NEW YORK — Moody’s Investors Service on Feb. 25 affirmed the Baa1 long-term rating and Prime-2 short-term rating of Sara Lee Corp. At the same time, the ratings agency revised its rating outlook for Sara Lee to stable

Despite challenges from global economic weakness, Moody’s said it has revised its outlook for Sara Lee because of anticipated stable operating performance at the company.

Moody’s said Sara Lee will benefit from moderating commodity price inflation, lower working capital needs and reduced restructuring charges. Also baked into the outlook is Moody’s expectation Sara Lee will not resume large share repurchases in the near term.

From an operating perspective, Sara Lee’s North American segments are performing solidly while prospects are for continued weakness in the company’s international operations in the near term, especially in non-food businesses.

Ratings have been under pressure in recent years because of uneven operating performance, weak financial metrics, heavy restructuring charges and aggressive share repurchases, Moody’s said. The agency specifically cited the Sara Lee five-year transformation plan of 2005 intended to improve performance while reshaping the Sara Lee business portfolio.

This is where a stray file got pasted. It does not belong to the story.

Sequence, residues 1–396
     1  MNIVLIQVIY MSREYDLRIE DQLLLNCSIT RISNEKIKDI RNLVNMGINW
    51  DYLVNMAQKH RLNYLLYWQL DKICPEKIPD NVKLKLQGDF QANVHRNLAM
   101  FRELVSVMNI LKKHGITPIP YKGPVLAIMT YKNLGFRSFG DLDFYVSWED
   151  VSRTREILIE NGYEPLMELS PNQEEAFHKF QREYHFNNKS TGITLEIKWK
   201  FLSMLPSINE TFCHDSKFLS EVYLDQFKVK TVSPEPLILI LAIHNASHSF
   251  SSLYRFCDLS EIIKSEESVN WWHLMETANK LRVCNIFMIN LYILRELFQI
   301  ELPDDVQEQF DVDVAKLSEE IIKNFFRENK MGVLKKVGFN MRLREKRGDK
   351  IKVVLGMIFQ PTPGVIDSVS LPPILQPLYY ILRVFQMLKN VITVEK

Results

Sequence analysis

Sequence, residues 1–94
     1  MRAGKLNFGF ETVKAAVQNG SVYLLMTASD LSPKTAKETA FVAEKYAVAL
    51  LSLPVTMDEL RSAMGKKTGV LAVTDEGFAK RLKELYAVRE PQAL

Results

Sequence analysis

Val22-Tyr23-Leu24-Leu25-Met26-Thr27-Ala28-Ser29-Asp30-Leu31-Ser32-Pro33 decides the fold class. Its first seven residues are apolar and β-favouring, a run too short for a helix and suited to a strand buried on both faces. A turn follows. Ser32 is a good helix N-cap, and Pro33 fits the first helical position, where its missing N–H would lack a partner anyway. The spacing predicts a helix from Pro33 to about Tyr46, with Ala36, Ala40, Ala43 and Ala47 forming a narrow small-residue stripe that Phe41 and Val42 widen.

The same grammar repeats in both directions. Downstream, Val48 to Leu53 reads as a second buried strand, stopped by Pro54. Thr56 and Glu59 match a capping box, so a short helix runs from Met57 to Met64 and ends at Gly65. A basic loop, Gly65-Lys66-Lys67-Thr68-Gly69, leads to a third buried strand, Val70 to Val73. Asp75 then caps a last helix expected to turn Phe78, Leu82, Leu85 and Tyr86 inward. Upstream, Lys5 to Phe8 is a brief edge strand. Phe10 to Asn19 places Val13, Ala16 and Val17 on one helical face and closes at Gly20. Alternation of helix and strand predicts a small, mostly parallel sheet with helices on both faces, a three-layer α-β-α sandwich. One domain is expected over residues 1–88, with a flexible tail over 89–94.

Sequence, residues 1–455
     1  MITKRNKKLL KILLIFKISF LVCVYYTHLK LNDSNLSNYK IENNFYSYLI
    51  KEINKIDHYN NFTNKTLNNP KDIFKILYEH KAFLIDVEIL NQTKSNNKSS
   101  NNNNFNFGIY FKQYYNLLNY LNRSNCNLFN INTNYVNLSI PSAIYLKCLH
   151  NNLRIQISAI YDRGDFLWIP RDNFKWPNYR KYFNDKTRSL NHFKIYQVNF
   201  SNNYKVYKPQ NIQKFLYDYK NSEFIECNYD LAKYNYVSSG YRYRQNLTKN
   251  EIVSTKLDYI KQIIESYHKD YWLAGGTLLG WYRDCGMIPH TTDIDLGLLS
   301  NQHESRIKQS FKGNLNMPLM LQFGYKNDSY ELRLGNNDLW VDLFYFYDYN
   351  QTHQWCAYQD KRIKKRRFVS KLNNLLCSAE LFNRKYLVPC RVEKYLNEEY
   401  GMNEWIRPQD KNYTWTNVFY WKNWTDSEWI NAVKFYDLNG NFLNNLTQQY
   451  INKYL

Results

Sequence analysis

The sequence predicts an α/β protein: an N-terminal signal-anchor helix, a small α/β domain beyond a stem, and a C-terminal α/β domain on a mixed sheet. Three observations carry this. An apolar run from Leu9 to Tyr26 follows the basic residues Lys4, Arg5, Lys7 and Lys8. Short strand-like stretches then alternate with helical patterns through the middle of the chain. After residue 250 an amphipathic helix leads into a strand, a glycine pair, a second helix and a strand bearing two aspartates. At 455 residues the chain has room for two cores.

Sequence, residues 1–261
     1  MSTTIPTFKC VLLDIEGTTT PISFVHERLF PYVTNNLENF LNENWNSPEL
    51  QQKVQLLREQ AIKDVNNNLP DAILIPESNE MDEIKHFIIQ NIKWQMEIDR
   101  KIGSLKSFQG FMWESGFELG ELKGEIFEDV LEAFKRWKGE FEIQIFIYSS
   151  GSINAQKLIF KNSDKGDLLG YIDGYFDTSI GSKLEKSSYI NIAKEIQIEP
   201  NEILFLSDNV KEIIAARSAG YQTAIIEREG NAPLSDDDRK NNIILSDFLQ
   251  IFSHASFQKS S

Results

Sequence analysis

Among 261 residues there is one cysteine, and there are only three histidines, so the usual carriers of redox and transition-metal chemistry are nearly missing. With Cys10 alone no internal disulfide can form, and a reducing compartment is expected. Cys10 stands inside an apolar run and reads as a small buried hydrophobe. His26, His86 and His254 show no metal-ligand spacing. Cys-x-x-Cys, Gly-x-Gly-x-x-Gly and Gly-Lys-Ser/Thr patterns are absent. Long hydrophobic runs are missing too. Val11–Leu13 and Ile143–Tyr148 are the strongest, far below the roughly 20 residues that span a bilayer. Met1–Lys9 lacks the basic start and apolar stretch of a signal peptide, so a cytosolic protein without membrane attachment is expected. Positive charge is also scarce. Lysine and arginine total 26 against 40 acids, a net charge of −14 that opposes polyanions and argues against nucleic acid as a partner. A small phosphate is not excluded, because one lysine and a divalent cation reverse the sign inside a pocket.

"But execution slipped early in the plan," Moody’s said. "Two years ago, Sara Lee reduced the plan’s $810 million savings target and shelved its goal of a 12% operating margin by 2010, due to rising input costs, heavy competition and delays in closing divestitures."

Sara Lee has incurred more than $1 billion in restructuring charges under the five-year plan. The charges were in connection with the divestiture of business equating to 40% of pre-plan revenues. Sara Lee now expects up to $850 million in annual cost savings and improved operating margins because of the plan.

The rating action, which affected $3.2 billion in debt securities, was the first for Sara Lee since June 2006, when it was downgraded to Baa1 from A3.

The highest rating beneath an A, a Baa1 rating suggests the company is subject to moderate credit risk and is considered medium-grade potentially possessing "certain speculative characteristics," Moody’s said.